I didn’t always love my family. I polished the home, cooked every day, and cared for little ones when the sniffles and spotties came. But I didn’t spend enough love-time with them, listen to their hearts as much as I should have. I had lovely, joyful children blessed with a freshness only children possess, whose little stories tumbled out eagerly, yet, fell wasted on preoccupied ears. So, I didn’t get to hear firsthand about the yellow and white butterflies playing tag amongst the gardenias, or about the yellow-and-green ‘ballbirds’ in the lush trees at night. My young ones got hugs and cuddles and kisses, but very often, they didn’t get them too, because I didn’t always love my family.
For many sad, bereft years, I didn’t always love my family because I allowed trespassers into my little sanctuary – those who had little or no regard for the sanctity of family life. They came into my home armed with authority, under the pretext of love and shared values, and dispensed wisdom they said I didn’t have. Cowed, I let them hold my mind and heart captive to satisfy their every whine and whim. When my small inner voice rebelled that my family needed more, I made feeble attempts to wriggle free, but the deceivers in my life told me I was wrong because I didn’t know, and they were right because they did.
I bought into the fable of the trespassers that in order to live, I must be enslaved, and my family paid the price for that. A hug when they needed it they did not get. A comfort when they fussed remained a wishful thought. They got a wife and mother who got things done but forgot to love because she was busy putting others before the Family, and didn’t see anything wrong with it. My husband and children fell a distant second because I let others dumb me down and set the parameters for family life. I was lulled into accepting the flawed belief systems of others. I let them dictate to me the hallmarks of a good Catholic wife and mother. I even allowed them to drive my religious beliefs. Family life was not lived through the lens of the Almighty, and whilst we seemed the joyous all-Catholic family, we were tearing at the seams.
I stilled my conscience in order to up the volume of the trespassers, and that was my sin, and mine alone.
Good mother, they patted me on the head in glee.
And they led me out the front door, away from the family, into the dark.
But there was a God above, and He kept watch over my soul. I had in me a hidden part that I misted away from everyone but my Saviour. It was my tiny act of defiance to keep a space of my own that was not overrun by external dictates. It was in this secret hollow veiled from human knowledge that I crumbled before the Almighty. It was here to Him that I took my sorrows and doubts.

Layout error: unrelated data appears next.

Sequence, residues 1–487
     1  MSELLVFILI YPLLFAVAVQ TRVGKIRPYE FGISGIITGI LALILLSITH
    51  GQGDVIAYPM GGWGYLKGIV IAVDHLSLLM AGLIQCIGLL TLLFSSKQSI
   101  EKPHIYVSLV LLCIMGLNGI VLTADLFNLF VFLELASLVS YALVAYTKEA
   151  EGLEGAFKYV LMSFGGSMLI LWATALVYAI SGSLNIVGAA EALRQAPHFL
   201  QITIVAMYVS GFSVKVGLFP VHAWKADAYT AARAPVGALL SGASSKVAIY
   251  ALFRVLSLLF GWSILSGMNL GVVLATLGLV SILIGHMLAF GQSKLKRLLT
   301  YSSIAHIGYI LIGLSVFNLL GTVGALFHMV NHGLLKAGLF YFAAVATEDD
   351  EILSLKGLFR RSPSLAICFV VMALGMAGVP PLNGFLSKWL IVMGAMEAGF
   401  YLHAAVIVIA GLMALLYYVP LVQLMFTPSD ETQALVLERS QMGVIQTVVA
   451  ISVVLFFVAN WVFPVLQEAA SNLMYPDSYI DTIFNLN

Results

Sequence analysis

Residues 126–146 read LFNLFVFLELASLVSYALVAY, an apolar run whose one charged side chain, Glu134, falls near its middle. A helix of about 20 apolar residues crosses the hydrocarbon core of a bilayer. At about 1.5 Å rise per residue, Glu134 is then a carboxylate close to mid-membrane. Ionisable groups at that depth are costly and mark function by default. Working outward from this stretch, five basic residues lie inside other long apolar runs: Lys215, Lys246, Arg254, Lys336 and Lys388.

But prayer is never a one-way street of petitions and pleadings. My Lord spoke, and the words of Life came back to me, but couldn’t take root because the soil of my heart was not right. It was a soil watered by a lack of spiritual nourishment and a drought of holy obedience. The Word struggled to live in me because I had pledged obedience and loyalty to those who lived dual lives: outwardly upholding family life; in reality, undermining it.
There was an incessant howling at the door of my life, voices not of my family’s, commanding me to come out for I was needed for vineyards not willed by heaven. The feral howls continued for many years. I was powerless to resist because I lived in the dangerous aridity where sin and dark was king. I offered incense in homage to people, not to my Lord. My refusal to break with the dark, my fear of repercussions, was in fact, a personal rejection of Life-giving Truths – God’s Commandments – which would have set me free a long time ago.
Then, one still night, on the tenth chime, the angels broke my heart. I learned a pain never known before. The searing flame of a final farewell marked my soul, never to be erased. The sea of grief formed a wave of walls around me, making me an island; for the very first time in my life, cutting me off from all that had stretched me in a thousand wrong directions. Alone in my pain, a sword knifed through my soul, severing in finality, the ropes that strung me to the deceivers.
Then, came the grace of divine sight, hitherto withheld, borne on a blue wind.
Into that sudden freed expanse, the Mater Dolorosa slipped in quietly. To tell me She’d been here before. In gentle wisdom, She parted the old swirling mists, and bade me see the life my family and I deserved ~ a life lived in freedom to glorify God, and no one else. A freedom that would come only if I let the angels unbind my conscience captive to the world, and avail it for the nurturing of my Lord and King.
From that night of grace of grief, on a journey that has spanned years and far from over, Mother Mary continues to gently lead me down the blossom-blessed path of bitters and anguish towards peace. Every day, my spirit in Her Hands, I learn to fight any darkness that seeks to still and rule my conscience. Every day is a learning to discern the voice of my Saviour from the beguiling chorus from the sewers.
For my Mother has taught me there is only one life that glorifies God.
It is a life where the conscience, the breath to the soul, is never shackled nor governed by human tyranny that seeks to kill God and all of God.